INJURY PREVENTION EXERCISES
Strength training has been shown to decrease the risk of overuse injuries by up to 50%! I find that most runners know that they should be doing it, but that very few follow a regular programme. Some feel that they don’t have the time while others don’t know where to start or how to progress the exercises.
The good news is that you don’t have to spend hours in the gym to get the strength you need. If you choose your exercises wisely, you can work all the relevant muscle groups in less than 30 minutes! Check out the All-In-One section for time-saving exercises that work more than one muscle group at a time.
The more advanced exercises all have “Before you start” sections where I list what you should be able to do BEFORE you attempt those exercises. I also provide you with guidelines that you can use to decide when you’re ready to move on to the next level.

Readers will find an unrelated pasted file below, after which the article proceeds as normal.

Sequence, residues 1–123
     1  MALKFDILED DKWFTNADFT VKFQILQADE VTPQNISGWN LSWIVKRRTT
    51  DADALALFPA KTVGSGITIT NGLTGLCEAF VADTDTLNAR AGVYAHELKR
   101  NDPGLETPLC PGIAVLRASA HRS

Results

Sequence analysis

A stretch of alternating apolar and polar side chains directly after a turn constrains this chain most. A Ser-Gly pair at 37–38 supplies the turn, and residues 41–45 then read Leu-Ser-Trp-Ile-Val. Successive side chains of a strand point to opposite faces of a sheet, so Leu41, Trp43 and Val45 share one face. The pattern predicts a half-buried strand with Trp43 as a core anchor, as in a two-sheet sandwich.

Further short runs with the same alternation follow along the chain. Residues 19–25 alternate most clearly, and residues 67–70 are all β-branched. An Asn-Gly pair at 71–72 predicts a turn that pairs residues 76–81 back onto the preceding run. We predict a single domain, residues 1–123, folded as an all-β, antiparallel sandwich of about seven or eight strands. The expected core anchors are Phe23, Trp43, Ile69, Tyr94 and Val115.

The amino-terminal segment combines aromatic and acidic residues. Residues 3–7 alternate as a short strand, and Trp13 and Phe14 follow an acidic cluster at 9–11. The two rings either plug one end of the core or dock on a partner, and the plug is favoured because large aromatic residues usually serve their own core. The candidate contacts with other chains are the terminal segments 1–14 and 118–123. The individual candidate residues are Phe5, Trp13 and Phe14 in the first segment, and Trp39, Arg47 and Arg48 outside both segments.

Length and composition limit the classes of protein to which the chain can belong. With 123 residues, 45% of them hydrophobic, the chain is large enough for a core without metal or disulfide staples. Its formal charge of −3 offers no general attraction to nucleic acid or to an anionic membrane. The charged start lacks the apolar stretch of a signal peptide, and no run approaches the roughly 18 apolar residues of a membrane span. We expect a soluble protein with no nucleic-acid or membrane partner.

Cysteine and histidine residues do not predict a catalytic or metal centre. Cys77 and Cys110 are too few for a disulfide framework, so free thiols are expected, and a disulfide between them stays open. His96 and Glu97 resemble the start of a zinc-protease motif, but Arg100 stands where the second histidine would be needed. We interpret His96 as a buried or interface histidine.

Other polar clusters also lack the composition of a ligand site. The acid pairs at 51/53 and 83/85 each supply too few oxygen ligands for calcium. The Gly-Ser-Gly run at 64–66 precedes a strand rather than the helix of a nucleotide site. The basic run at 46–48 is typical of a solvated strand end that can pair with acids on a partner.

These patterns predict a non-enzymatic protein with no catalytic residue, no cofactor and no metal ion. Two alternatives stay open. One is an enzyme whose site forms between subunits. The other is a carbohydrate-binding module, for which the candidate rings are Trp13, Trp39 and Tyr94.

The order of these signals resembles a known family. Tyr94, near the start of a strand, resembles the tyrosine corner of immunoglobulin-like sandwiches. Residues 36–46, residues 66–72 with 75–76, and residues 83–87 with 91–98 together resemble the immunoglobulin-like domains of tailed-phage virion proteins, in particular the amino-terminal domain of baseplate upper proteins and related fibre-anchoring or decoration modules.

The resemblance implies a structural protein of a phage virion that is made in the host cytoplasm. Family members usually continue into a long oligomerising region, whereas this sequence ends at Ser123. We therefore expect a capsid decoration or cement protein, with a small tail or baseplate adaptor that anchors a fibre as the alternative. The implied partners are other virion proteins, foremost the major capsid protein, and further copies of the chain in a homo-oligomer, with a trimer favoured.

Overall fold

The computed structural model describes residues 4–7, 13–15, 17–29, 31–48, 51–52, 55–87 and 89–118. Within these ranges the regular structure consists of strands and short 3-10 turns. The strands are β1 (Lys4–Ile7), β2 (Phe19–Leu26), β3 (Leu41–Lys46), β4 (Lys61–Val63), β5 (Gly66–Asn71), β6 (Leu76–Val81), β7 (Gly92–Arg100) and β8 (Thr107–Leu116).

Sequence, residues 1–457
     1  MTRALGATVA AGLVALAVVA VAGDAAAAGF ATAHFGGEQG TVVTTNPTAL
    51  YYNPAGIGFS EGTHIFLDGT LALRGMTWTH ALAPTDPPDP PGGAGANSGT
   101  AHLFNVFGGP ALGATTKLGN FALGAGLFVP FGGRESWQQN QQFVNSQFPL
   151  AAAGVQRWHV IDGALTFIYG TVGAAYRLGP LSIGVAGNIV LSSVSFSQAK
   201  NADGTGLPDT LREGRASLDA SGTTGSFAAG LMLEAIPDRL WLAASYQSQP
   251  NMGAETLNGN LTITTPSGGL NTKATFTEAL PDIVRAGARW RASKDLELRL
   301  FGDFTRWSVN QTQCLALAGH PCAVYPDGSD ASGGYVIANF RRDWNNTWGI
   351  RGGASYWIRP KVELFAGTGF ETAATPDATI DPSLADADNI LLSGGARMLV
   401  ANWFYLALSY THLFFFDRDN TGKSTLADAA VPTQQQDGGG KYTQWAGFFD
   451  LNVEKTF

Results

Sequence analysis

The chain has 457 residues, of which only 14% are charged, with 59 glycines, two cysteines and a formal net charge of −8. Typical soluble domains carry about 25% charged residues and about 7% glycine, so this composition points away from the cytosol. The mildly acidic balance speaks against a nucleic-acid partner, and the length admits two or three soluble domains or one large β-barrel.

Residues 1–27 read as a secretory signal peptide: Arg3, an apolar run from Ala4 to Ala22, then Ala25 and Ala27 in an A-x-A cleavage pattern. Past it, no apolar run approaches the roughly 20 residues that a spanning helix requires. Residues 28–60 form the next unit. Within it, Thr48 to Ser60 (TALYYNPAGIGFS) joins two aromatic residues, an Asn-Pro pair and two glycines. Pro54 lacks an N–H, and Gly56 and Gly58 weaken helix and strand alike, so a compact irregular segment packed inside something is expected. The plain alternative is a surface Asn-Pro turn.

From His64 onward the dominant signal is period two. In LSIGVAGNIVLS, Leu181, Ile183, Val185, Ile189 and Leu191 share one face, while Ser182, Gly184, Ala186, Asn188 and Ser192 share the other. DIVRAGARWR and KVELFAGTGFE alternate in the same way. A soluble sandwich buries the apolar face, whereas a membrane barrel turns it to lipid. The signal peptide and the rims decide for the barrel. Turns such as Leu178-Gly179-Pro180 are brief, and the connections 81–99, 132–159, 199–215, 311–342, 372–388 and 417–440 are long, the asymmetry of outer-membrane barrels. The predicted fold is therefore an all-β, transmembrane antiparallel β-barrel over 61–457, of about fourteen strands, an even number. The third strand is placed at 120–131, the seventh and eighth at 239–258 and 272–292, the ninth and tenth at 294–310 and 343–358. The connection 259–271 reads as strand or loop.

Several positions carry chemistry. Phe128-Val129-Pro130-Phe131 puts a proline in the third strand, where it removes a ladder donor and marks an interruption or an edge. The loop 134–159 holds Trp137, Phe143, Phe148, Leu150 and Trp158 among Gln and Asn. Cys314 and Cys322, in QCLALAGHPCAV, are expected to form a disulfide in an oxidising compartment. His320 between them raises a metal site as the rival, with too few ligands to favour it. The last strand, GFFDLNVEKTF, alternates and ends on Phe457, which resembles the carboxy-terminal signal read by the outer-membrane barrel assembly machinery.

Position sense or proprioception is exactly what the name suggests. It refers to how good your brain is at sensing where every part of your body is and at what angles/speed it’s moving. Your brain then uses this information to calculate with how much force it should contract your muscles or how long they should allow them to lengthen.
A good example of what happens when the brain gets it wrong, is when you step down from a step that is higher than what you expected it to be and stumble.
The research has shown that people who score low on position sense tests in their trunks and legs may be more likely to sustain a wide variety of lower limb injuries of the joints and muscles.
The explanation for this is quite simple. If the brain does not know exactly where your body parts are, it cannot produce well-coordinated movements. This means that you can easily overload specific joints, ligaments and muscles, which can lead to strains and tears.
For runners, position sense in their legs and trunks is the most important and this can easily be retrained through balance exercises.